The gunhawk spun back to face his father like he would face any other man who challenged Johnny Madrid. He’d had enough of being used, of being talked to like he was a nobody. He was Johnny Madrid; a force to be reckoned with. “You ain’t telling me nothin’ I don’t already know. You done your talking back in the house and I heard you loud and clear. You don’t need me here; not now or ever!”
“Johnny, I never meant it like that…” Murdoch cringed to hear his own harsh words thrown back at him.
“Is that right? Well tell me, Murdoch, just what did you mean – ‘cause I’m sick and tired of having to try to figure it out!”
The two men squared off, facing each other when Frank ran up and got Murdoch’s attention. “Mr. Lancer…?”
Murdoch snapped with irritation at the untimely interruption and turned towards the top hand. “What is it, Frank?”
“It’s Scott. His shoulder is bleeding pretty badly. I’ve sent for the doctor but I think you’d better come take a look at it.”
It only took one mention of Scott’s wound to turn Murdoch’s thoughts. He remembered how the wound had been pulsing blood before Scott had joined him on the veranda – trying to protect Johnny. Without a second look at his youngest, Murdoch headed towards the house. Frank struggled to keep up with the long strides of the big man.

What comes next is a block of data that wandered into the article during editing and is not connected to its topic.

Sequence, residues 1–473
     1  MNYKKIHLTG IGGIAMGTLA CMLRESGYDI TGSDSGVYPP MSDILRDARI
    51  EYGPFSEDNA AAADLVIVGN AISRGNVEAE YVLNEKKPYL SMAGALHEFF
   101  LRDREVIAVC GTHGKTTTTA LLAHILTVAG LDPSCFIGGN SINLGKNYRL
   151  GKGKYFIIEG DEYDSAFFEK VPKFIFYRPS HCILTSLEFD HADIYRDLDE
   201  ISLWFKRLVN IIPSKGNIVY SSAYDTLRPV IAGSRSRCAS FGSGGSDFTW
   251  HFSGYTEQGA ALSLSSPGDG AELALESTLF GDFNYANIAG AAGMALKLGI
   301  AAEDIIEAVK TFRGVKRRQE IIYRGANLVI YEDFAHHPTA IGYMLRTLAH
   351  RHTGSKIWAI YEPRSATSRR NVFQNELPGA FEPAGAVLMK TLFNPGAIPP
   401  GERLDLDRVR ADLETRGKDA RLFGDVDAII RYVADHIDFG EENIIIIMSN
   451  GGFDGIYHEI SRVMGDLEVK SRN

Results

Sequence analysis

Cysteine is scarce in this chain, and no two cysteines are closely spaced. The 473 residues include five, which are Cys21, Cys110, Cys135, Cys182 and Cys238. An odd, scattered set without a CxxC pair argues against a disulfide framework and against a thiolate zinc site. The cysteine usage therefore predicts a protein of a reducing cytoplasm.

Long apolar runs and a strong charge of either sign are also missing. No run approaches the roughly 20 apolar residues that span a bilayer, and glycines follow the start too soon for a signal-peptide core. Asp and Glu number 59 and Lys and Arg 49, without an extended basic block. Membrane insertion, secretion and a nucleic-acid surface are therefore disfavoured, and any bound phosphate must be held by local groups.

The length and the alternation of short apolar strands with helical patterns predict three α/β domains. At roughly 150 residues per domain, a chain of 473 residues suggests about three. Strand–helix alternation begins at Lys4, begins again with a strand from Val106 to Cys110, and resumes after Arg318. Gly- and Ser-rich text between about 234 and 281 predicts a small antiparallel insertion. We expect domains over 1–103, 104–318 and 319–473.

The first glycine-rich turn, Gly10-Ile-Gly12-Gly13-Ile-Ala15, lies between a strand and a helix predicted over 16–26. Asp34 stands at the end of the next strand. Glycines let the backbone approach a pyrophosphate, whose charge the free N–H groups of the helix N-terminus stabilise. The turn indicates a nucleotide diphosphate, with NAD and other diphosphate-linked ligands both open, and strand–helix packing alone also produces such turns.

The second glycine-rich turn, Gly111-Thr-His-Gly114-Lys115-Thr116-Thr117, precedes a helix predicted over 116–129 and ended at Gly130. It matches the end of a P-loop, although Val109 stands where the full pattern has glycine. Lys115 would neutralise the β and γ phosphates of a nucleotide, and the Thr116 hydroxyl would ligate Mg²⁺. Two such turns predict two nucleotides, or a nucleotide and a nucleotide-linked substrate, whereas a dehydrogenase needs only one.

Johnny suddenly found himself alone in the yard feeling caught between the need to leave and the need to know the condition of his brother. Finally, his conscience got the better of him and he slowly followed after his father into the house.
A bustle of activity greeted him and he found himself pushed to the shadows. Silently he watched as Murdoch gently tended to Scott who lay prone on the couch. Teresa and Maria stood nearby, each ready to care for the injured man. A pang of guilt crept up Johnny’s spine as he realized his father’s words were true – the only thing wrong at Lancer was him. He was the cause of all of the senseless violence. If only he had stuck to the job and had ignored Wes and that wild stallion. Sadly, he knew the truth – if it hadn’t been Wes, the stallion or the Strykers – something else would have happened to cause his family pain. Johnny was painfully aware that his previous life had ill prepared him for the daily job requirements of ranching, especially the time constraints, that went with his new life. That and Murdoch’s demands that he forget his past: forget who he was and become Johnny Lancer – one third partner of the largest ranch in all of California – made his new life unmanageable. Too many changes; too fast. If only he had time to adjust….